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The Daily Wildcat

The Daily Wildcat


Craigslist a vital link between shady dealings and light of day

Craigslist has taken down its Adult Services section, which used to allow people to advertise “”adult”” or “”erotic”” services, after a group of state attorneys general wrote a letter stating that Craigslist lives in an “”imagined utopia,”” where “”every Adult Services advertisement is harmless until proven otherwise,”” and that “”increasingly sharp public criticism of craigslist’s Adult Services section reflects a growing recognition that ads for prostitution — including ads trafficking children — are rampant on it.””

Craigslist’s decision to shut down its Adult Services section could, however, serve to further hide prostitutes and human traffickers. Although the ads are controversial and their availability presents a problem for protective parents and sensitive eyes, the use of the web as a connecting tool between “”adult entertainers”” and those who seek them puts this activity on the map, making it easier to monitor.

The reality is that prostitutes will continue to seek clients, and vice versa, whether or not Craigslist and similar sites provide a means of communication.

To attempt to eliminate prostitution, pimps and trafficking would be a futile effort. Idealistically, these services should not be accessible at all, or only to those adamantly searching for it, not those who Google “”Craigslist massage chair”” and find a discreet suggestive message about how much an hour-long rubdown will cost.

In order to reach this ideal balance of keeping track of the activity while also censoring it, Craigslist will, as of now, eliminate the actual section Adult Services but not the ads themselves.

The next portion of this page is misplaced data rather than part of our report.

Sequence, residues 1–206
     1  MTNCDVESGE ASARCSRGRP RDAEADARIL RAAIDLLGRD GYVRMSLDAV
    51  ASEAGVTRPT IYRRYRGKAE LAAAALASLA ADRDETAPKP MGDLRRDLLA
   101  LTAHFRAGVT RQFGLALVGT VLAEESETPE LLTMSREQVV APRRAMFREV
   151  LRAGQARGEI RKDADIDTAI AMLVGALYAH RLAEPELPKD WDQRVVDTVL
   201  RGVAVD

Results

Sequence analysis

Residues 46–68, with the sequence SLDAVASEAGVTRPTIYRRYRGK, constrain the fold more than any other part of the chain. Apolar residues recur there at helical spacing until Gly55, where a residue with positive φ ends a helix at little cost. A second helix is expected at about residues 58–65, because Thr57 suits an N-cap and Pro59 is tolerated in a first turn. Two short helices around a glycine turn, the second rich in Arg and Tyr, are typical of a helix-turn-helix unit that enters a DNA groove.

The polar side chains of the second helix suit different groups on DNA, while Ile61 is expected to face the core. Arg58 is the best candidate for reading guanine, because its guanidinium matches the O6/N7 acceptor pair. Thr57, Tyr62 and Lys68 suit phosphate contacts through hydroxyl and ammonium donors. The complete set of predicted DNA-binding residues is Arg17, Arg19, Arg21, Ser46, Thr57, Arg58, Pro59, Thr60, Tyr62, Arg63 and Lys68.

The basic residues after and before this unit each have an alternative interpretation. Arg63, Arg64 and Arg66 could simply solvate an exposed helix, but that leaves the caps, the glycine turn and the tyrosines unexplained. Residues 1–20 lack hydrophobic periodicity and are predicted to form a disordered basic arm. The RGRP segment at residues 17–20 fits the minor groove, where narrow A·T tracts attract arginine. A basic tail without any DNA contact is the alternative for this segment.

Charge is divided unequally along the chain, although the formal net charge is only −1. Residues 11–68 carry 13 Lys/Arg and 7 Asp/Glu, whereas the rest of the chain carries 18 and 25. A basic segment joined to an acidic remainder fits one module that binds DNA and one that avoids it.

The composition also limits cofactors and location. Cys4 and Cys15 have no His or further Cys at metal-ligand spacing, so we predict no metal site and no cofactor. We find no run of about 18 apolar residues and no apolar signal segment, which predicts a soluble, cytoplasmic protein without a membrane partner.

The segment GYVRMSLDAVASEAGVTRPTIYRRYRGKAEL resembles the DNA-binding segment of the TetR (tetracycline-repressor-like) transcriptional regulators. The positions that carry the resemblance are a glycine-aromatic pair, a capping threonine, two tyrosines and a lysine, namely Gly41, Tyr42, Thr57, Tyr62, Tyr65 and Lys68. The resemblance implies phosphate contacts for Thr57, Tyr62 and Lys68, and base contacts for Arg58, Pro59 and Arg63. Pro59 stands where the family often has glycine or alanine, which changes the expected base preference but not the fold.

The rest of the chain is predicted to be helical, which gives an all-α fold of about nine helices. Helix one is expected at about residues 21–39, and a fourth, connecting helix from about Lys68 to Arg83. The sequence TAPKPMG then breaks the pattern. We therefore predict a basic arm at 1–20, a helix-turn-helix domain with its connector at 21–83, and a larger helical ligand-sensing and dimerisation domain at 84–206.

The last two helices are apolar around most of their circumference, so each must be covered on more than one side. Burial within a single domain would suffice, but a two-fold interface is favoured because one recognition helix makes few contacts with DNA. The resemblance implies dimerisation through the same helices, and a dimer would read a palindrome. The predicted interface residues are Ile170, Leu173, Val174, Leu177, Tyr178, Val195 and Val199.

Instead of placing all the ads under one organized section, “”we would be dispersing them to other parts of the site,”” Jim Buckmaster, CEO of Craigslist, told The Wall Street Journal. Although many argue that running these advertisements only creates a forum for traffickers and sexual abusers to flourish, allowing these advertisements to run is — ironically — a form of controlling this behavior by exposing it and making it easier to monitor.

The letter from the attorneys general stated that the Adult Services section should be shut down to “”end the misery for the women and children who may be exploited and victimized by these ads.”” The exploitation and victimization of these people will become entirely invisible without the advertisements. Trafficking and sexual abuse are not activities to be condoned or supported, and that is why the advertisements should continue to run.

The infamous “”Craigslist Killer”” case involving Philip Markoff, who answered Julissa Brisman’s ad in the erotic services section of Craigslist, proved the benefits of allowing these advertisements. Markoff arranged to meet Brisman at the Marriott Copley Place in Boston in April 2009, where he allegedly killed her. The charges against Markoff were dropped when he committed suicide inside a Boston jail cell. Without Brisman’s ad on Craigslist, her whereabouts and with whom she interacted with would be untraceable. Markoff could have found another young woman to kill, one whose location may have remained unknown for much longer.

Prostitution is a dangerous business and women involving themselves in it are safer when their business is documented. Furthermore, Craigslist now charges fees for placing an ad in the Adult Services section so as to enhance traceability through credit card transactions.

The battle is constant and comes full circle — to allow the ads is to support this behavior and to remove them is to make it impossible to monitor. Strip clubs and adult sex shops, while controversial, still exist with set of rules and appropriate conduct. Clearly this behavior is innate in our existence and will continue regardless of its lack of morality or acceptance in society. Fighting it completely and removing it from society’s radar would be turning a blind eye. Our best bet is putting prostitution and businesses associated with it on the map, enabling them to be vulnerable to suspicion and legal interference.

Alexandra Bortnik is a creative writing junior. She can be reached



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